The Gibbs have been living the dream for the last three years in trying to get the film made and finished. Word is they hope to have the official premier for Interbike, just weeks away. The movie has been over budget for some time now, which means the Gibbs have been scraping to get by, and we discussed the pros and cons of trying to live the dream. It’s not an easy road. However, Ryan and his partner are on the verge of raising the bar for mountain bike films to a whole another level. Hopefully it makes it all worth it in the end.
I don’t even own a Blue-Ray player yet, but I’m planning to pre-order the movie in high-def. It looks that good. The Gibbs took me up to the top of the mountain for the first time and showed me the wonder that is Freight Train. Super good stuff.
The Gibbs had to take off after a few runs to do a shoot somewhere, so I grabbed a almost-free can of Monster energy and got back in line. While standing in the singles line I ran into Jon Kennedy, marketing guy for Diamond Back Bikes in Seattle. He was doing some “testing” of his latest ride, (the 2011 Diamondback ScapeGoat) so I got to check it out. (Pinkbike actually did a feature on it. Check it out here.)
I can’t say I’ve been a fan of the Diamondback all mountain line to date, with their relatively steep 68° head angle, and lack of stand over. They have been gaining in popularity though, and for 2011, the all mountain line looks considerably more dialed. With the new 2011 Fox 7″ single crown fork the bike comes in at 66°, and it now has additional stand over. If you consider the features at Black Rock and Post Canyon part of your normal all mountain ride, this might be a good bike to check out for next year. Check it out here. They also have a true DH platform in development which we should see by this time next year.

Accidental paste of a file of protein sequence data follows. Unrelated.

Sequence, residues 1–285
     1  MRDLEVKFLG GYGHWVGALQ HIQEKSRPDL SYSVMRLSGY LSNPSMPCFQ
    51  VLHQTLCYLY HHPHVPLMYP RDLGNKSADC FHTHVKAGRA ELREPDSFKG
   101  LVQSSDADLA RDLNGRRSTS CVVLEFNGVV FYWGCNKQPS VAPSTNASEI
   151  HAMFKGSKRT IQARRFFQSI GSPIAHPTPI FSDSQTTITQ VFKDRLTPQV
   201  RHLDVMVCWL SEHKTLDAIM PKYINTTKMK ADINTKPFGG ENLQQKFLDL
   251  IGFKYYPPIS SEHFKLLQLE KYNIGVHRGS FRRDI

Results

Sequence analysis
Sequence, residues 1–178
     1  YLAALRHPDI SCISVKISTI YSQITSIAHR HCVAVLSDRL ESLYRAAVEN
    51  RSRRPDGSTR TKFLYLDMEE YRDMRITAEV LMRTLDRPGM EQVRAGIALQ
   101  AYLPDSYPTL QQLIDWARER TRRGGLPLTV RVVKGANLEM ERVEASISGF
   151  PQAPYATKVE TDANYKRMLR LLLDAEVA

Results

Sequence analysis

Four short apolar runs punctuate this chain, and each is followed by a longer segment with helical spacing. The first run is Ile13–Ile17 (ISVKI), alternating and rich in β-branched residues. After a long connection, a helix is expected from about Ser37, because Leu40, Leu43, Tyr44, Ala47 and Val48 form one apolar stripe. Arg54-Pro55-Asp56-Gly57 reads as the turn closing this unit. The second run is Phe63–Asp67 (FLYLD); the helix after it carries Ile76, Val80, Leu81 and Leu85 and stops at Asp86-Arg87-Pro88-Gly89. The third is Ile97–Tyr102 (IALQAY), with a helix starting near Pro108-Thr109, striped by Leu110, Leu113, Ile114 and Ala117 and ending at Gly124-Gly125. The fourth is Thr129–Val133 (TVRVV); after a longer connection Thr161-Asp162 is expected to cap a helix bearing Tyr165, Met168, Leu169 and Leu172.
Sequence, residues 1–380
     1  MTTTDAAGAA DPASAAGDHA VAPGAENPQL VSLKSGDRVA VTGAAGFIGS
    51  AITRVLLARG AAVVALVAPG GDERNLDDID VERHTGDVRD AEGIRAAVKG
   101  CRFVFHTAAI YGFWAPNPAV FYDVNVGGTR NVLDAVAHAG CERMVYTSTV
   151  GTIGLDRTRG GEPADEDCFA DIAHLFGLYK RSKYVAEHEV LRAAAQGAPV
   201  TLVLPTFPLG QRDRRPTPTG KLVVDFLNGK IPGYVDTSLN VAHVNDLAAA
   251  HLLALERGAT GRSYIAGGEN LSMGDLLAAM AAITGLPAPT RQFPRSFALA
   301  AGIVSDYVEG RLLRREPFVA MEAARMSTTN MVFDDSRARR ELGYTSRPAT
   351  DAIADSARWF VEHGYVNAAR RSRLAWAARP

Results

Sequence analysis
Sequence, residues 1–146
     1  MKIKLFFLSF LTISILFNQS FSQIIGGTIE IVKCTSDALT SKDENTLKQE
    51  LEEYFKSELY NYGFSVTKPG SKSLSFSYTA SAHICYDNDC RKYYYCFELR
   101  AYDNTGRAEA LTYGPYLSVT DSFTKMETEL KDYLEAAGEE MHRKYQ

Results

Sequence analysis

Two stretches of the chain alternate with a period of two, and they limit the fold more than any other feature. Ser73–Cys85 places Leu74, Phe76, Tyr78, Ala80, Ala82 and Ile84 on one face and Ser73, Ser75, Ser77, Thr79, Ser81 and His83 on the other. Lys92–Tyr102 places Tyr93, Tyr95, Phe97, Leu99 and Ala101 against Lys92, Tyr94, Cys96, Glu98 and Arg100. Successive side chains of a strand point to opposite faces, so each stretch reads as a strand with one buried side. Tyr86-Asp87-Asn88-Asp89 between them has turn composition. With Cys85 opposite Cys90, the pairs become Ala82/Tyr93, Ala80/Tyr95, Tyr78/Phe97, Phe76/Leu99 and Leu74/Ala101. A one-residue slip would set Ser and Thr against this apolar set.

Did I mention Jon is a skilled rider to boot? Thanks go to Jon for showing me even more of the trails up top. We had a hollering good time shredding a train down Dirt Merchant.
Later on I met up with the PDX crew and we did many runs down the mountain. Zim took his riding to the next level by going big on this rock wall. Yeah!